Here at BarkinBISTRO, we are being asked more questions about cats and in this article, we will help you understand why your kitty is being fussy and how to encourage them to eat a fresh raw diet.
Is my cat a carnivore?
Absolutely 100%, your kitty is an obligate carnivore meaning they do not need highly processed foods. Sadly most commercial cat foods are full of sugar and therefore addictive, also making a huge number of our cats obese. Your kitty does also “imprint” on food making it difficult to change the diet without a few problems. Puss-cats can often look at you with utter disgust when you change their food! Also remember, you do not own your kitty, they own YOU!!
Tempt your cat with exciting fresh new foods.
We often find here at BarkinBISTRO that adding a small amount of blood (from any animal, chicken, turkey, beef, lamb, venison etc.) helps, as blood is full of taurine – essential for cats. Just add a little to their food and see if it helps.
- Try chicken wing tips – small and safe for cats and great for their dental health.
- Tinned sardines in olive oil can also be tempting for fussy cats.
Outdoor or Indoor Cat
Indoor cats tend to be less fussy as they are not outside hunting for their food, so probably easier to change unless of course, they are “super suspicious”!
Outdoor cats are superb hunters and will most likely get all the nutrition they need from hunting their prey (depending on where you live of course). If your kitty hunts outside, do regular worm-count tests as they are more likely to get worms or parasites too. Feeding our range of cat foods, plus some DIY and cooked options will give your kitty the best and most nutritional diet.
Avoid dry high-carb foods.
Sadly we see a lot of cats suffering from kidney issues here at BarkinBISTRO and we believe that cats should NEVER eat dry, highly processed food. It makes them drink more and this certainly affects kidney function for obvious reasons. Our fresh raw cat food is full of the moisture your kitty needs.
Never starve your cat
A mistake a great deal of people make and if your kitty is not given food with enough protein, or stops eating, this can cause hepatic lipidosis which is a liver condition that can be fatal if left untreated. Your cats liver cannot support the body in the same way that a dog can, so this process can happen quickly.
Why is my cat not eating?
There could be many reasons and if it continues for more than a couple of days, we recommend seeking advice from your holistic vet. Below are some other symptoms to look out for.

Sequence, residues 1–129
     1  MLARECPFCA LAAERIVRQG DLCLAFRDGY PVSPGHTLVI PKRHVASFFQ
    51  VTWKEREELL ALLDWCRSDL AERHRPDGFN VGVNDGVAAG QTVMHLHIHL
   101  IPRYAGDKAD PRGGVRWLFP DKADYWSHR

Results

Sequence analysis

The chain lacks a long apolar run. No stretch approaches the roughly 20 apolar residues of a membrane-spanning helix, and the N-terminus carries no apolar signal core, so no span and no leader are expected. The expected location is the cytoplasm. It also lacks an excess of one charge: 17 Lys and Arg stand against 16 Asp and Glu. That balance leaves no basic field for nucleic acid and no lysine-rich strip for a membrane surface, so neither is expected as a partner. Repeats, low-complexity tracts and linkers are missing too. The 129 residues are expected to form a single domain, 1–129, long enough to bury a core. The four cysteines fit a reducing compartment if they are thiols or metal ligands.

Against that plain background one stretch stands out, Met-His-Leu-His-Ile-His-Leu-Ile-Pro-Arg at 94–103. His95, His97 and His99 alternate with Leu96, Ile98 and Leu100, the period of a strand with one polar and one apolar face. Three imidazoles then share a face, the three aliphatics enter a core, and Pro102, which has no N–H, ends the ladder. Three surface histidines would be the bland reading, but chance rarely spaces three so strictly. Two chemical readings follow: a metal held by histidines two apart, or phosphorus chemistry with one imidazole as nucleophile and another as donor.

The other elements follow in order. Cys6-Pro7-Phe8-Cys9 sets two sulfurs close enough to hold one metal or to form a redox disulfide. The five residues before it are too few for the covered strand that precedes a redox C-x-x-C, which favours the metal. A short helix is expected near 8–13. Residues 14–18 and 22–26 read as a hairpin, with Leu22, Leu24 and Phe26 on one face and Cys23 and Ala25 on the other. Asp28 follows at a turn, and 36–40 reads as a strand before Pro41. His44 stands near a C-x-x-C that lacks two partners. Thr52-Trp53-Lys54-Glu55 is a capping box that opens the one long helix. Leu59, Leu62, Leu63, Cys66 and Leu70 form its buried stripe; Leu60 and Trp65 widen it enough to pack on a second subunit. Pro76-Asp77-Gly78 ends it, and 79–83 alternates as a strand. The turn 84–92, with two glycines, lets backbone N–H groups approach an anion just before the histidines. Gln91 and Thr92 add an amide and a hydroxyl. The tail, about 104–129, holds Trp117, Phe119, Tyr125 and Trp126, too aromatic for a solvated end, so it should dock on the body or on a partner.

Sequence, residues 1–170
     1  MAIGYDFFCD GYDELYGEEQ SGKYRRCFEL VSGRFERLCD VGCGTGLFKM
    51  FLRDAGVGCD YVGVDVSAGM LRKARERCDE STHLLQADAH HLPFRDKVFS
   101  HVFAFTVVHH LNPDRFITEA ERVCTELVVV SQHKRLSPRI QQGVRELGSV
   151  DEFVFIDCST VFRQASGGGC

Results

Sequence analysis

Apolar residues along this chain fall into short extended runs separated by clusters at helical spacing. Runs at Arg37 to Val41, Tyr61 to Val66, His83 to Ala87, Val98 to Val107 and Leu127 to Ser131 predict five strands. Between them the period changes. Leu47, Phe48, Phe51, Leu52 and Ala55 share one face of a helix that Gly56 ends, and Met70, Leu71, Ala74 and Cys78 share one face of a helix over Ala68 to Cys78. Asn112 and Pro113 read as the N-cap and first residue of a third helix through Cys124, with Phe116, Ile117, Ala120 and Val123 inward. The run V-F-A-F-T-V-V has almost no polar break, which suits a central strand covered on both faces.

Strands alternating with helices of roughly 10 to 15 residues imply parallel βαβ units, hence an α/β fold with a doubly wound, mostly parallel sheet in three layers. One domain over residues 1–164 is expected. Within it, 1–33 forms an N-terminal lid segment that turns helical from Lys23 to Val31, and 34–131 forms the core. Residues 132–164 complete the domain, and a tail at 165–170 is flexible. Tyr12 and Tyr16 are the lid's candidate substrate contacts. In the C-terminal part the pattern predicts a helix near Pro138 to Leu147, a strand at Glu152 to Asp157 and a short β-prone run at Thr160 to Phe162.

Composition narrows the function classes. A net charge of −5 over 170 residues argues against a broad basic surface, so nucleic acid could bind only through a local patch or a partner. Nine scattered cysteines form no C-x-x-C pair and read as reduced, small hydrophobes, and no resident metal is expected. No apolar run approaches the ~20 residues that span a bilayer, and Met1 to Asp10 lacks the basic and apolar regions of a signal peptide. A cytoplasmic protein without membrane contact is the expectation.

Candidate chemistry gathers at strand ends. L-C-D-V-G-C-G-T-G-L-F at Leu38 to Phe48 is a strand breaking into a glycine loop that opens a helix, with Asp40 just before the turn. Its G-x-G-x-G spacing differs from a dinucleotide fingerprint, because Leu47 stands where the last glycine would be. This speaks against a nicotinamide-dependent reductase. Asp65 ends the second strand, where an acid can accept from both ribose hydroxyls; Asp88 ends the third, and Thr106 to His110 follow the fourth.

If you notice unusual symptoms, such as lack of appetite, skin issues or an upset tummy, this could suggest an underlying food allergy.
Cats have a very acute sense of smell which stimulates their appetite, if your kitty has any respiratory problems, this can affect their appetite and as we know ourselves, a stuffy blocked-up nose is not much fun.
Fussy and picky with food
Have you changed their food? As we mentioned earlier, our furry feline friends can be very fussy if the texture or smell of their food has changed.
If your cat is experiencing any type of gastrointestinal distress like nausea, sickness, diarrhoea, or abdominal discomfort, they may be reluctant to eat or drink. Unfortunately, a lack of food and water is likely to worsen the condition.
Sadness and depression
Like us, our feline friends can suffer from sadness and depression. If your kitty suddenly stops eating and turning down their favourite treats, they could be depressed.
Anxiety may look different in each individual. Some cats may become more subdued than normal. Others become more vocal, can overgroom, or have a change in appetite and eating habits.
Excessive hairballs (due to overgrooming) and other foreign objects like toys can block up your cat’s digestive tract. If you think your kitty has swallowed a foreign object or has lost their appetite, is vomiting, or appears to be in pain, contact your vet.
If your cat has lost their appetite and it is accompanied by excessive drooling and discomfort while eating, or they have smelly breath, this can often be dental problems which is why it is so important for cats to have the correct diet. Common dental issues in cats can include gingivitis, toothaches, and fractured teeth.
Medication, vaccinations, flea and worm treatments
These can all have side effects—including a loss of appetite. Look at titre testing instead of vaccination and natural flea and worm treatments.
Underlying health conditions in your cat
Does your cat have any medical issues as these could also result in loss of appetite and weight loss.
- kidney disease
- liver issues
As always folks, here at BarkinBISTRO we advise that you do as much research as possible and if you are concerned about your cat we suggest you seek help from your holistic vet. We believe that our range of fresh raw and cooked food is the best choice for your kitty and are always happy to answer any queries you may have.